Just for laughs

Cat Zen

Posted by on Dec 7, 2006 in All things natural, Just for laughs | 0 comments

I was first compelled to come to terms with my irrational hatred of cats in August of 1981 in a scorching blacktop parking lot. Before that day I had accepted the religious principal, taught by my parents, that these small furry creatures were the spawn of the devil. My mother disliked them for mostly sanitary reasons, which I can understand when I vacuum their fluffy discards from the carpet, sofa, walls and drapes, but Dad was a true believer. In fact, other than dogs, which he saw as having a utilitarian purpose, no creature, whether fish, bird, turtle, snake, raccoon, gopher, or cat was safe from his absolute domination. He often related an anecdote from his childhood about a male boarder in his mother’s house, whose hatred of cats was equal to his own. The man came home late one evening, and not wanting to wake anyone, entered his room in the dark. He saw a black shape by the door and hissed, “Scat, cat!” The cat sat immobile through his verbal warning not once, but twice. Angry, he pulled back his bare foot and kicked the poor cat with all his might. The whole house was awakened by his expletives and cries of agony. The shape turned out to be a metal flat iron, instead of the stray tabby he was expecting.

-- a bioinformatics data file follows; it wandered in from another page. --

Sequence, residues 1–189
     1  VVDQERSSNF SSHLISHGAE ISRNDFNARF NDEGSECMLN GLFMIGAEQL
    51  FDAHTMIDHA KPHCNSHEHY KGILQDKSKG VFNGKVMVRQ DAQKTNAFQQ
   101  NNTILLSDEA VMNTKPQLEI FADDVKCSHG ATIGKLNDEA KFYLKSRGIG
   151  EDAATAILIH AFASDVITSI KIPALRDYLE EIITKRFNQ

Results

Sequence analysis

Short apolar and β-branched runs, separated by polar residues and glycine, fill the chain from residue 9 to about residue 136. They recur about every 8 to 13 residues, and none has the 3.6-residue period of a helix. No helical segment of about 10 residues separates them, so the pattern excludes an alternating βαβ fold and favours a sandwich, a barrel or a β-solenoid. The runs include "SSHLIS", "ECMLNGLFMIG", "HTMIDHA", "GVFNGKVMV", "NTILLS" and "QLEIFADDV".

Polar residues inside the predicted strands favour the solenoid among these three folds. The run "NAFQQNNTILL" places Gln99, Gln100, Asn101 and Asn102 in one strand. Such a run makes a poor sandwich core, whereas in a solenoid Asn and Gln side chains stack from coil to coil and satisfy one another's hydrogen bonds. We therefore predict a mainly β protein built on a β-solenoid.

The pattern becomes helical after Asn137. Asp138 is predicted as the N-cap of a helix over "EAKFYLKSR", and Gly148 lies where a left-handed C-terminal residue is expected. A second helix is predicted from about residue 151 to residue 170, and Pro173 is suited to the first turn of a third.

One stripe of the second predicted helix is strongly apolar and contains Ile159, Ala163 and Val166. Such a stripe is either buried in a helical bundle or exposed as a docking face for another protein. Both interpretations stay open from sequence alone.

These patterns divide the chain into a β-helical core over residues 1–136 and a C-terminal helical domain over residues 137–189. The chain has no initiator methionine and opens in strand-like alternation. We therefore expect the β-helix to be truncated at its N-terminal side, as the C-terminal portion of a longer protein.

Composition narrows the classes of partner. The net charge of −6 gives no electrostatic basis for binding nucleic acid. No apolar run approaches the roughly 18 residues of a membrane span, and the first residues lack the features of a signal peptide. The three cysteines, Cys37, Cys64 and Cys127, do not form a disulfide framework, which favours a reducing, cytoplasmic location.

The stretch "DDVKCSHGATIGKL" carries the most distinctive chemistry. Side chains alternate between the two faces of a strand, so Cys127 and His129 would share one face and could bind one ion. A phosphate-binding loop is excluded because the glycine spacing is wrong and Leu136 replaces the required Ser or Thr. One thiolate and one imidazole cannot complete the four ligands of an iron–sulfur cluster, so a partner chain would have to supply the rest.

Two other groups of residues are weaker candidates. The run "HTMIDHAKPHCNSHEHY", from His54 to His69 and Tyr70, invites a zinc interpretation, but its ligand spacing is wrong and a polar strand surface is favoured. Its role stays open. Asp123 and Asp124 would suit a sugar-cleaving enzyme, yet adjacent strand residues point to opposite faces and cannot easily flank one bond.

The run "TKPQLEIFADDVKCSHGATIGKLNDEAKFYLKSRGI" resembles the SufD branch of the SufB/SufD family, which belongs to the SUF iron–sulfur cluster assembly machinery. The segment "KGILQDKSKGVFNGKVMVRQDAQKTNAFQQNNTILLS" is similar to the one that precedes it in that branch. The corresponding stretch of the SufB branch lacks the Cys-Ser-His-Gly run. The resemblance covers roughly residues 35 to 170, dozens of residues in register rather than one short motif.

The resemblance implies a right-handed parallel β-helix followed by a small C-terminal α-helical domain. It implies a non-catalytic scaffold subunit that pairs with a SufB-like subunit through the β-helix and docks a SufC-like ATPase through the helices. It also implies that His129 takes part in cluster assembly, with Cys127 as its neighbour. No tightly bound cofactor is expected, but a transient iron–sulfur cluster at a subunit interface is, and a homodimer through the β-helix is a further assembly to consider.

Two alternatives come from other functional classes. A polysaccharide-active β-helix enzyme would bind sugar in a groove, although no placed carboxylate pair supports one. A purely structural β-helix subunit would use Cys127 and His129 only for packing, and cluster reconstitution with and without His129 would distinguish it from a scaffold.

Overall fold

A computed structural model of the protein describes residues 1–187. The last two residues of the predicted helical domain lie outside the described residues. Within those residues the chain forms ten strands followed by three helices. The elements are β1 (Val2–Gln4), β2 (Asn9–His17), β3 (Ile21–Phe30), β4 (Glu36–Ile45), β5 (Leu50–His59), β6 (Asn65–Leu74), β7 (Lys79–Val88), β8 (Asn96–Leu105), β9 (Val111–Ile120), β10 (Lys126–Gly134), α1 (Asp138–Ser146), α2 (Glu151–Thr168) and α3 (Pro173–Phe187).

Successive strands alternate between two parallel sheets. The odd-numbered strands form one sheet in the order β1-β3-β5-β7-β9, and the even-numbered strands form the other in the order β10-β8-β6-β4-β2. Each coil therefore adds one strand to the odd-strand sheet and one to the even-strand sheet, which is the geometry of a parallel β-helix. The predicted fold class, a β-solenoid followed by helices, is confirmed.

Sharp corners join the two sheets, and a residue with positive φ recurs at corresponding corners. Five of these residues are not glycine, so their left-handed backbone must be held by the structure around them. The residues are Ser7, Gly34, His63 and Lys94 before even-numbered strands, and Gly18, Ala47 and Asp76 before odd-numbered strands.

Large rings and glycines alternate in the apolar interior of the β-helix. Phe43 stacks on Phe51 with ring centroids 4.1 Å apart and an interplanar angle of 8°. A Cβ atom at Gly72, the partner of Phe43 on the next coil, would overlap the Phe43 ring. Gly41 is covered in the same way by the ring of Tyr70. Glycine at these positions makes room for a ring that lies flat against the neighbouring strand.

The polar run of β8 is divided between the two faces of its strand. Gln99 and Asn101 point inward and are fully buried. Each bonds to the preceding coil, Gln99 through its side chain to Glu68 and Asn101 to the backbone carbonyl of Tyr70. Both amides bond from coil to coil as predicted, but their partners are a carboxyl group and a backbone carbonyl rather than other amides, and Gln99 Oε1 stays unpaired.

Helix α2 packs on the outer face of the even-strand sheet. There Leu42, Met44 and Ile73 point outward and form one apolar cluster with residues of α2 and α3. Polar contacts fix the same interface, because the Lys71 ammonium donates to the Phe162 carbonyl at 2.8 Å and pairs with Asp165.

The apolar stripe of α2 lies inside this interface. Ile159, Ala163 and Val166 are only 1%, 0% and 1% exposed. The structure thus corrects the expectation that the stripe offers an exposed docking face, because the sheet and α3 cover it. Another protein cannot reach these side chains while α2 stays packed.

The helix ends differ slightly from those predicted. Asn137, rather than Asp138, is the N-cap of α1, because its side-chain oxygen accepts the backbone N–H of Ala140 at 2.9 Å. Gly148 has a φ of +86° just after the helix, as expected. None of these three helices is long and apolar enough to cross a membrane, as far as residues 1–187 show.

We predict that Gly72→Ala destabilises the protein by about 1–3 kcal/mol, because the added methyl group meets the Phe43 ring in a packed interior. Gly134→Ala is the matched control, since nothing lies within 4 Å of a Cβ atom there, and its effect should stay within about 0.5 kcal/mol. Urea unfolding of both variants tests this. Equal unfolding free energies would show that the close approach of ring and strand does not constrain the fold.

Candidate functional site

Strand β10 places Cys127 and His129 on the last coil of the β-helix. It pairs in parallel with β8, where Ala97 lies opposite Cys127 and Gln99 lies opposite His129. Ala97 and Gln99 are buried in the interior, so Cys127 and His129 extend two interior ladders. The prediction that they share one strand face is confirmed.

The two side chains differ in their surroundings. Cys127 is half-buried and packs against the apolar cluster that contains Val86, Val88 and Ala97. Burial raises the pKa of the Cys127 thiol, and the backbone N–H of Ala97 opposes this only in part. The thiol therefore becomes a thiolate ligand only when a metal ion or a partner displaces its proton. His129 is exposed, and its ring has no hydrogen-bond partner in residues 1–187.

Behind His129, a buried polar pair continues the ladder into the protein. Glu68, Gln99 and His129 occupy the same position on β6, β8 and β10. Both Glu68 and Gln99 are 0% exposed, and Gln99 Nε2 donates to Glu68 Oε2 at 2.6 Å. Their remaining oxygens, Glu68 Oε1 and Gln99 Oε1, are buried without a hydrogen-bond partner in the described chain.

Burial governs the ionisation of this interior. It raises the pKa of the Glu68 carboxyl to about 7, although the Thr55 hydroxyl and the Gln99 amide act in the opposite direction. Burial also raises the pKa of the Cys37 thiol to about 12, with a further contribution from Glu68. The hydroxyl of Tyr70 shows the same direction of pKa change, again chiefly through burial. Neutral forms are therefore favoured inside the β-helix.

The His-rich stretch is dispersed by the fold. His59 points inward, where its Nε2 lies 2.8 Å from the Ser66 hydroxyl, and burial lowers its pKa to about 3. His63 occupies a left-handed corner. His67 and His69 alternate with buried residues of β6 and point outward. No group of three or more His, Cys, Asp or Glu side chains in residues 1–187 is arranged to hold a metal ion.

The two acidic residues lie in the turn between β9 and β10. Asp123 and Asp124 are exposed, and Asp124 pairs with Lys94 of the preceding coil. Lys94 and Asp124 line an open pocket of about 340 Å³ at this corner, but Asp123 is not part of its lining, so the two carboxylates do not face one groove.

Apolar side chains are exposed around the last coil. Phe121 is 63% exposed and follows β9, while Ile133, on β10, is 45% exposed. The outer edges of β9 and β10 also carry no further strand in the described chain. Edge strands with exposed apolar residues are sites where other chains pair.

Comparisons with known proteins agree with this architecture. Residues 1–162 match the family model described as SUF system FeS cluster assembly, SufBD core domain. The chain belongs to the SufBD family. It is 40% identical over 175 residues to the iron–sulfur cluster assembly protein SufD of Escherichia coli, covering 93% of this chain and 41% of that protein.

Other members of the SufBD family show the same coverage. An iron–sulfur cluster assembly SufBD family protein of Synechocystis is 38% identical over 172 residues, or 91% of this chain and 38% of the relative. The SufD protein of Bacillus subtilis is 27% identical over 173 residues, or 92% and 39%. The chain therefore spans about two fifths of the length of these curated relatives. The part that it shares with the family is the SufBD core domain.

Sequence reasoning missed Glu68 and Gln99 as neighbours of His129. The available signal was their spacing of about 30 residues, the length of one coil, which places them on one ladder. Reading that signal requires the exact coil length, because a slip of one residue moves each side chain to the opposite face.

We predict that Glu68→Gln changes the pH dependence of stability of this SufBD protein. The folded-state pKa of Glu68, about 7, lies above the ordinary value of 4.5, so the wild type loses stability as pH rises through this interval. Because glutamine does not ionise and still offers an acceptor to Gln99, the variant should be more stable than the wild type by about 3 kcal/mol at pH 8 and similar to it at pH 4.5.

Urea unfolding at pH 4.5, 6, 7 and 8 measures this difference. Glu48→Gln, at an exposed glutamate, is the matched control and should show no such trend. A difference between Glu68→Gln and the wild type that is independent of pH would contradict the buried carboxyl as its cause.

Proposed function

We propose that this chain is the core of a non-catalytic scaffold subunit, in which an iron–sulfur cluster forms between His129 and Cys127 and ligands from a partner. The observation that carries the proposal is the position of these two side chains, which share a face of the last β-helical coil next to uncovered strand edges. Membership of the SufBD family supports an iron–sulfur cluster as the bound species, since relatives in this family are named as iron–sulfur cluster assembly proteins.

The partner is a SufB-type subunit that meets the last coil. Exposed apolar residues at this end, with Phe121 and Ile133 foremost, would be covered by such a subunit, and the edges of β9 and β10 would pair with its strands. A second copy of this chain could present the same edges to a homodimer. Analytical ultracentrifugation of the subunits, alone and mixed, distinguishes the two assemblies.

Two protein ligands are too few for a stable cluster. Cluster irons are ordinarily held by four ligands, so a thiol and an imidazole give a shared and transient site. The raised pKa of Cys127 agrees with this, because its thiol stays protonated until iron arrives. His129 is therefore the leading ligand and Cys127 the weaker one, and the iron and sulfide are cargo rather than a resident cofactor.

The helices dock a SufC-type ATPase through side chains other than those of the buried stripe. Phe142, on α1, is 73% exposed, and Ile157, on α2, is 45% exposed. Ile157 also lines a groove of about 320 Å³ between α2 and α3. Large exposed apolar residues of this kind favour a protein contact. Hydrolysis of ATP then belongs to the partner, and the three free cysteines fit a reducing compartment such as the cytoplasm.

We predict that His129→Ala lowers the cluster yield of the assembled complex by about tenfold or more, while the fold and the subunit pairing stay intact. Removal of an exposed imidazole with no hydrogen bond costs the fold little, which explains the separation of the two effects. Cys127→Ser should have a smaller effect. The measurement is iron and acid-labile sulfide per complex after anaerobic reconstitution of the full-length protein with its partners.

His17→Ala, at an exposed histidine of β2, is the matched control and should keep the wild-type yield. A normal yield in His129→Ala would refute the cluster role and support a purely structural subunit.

The obvious karma of the incident was lost on my Dad, and no explanation was ever offered for the family abhorrence of cats. I do not recall ever questioning my parent’s rationale on the subject until that hot August day. A tiny orange kitten was mewing pitifully on the asphalt, hopping from foot to foot in pain. I felt a pang of guilt, but might have walked away if the cat had not taken action. I was dumbfounded when he quickly jumped into my open car door and settled down comfortably with the groceries on the back seat. I realize now another motorist, too cruel or lazy to take responsibility for his life, must have recently dumped him from their car. Knowing my feelings, my family was speechless when I walked into the house cradling the purring kitten. I told them what happened and explained that I would find someone to take him, but he was definitely not staying at our house. After a few weeks, I named him Doo-wah, as in doo-wha, doo-wha, doo-wha, ditty, and often sang that little song to him for his amusement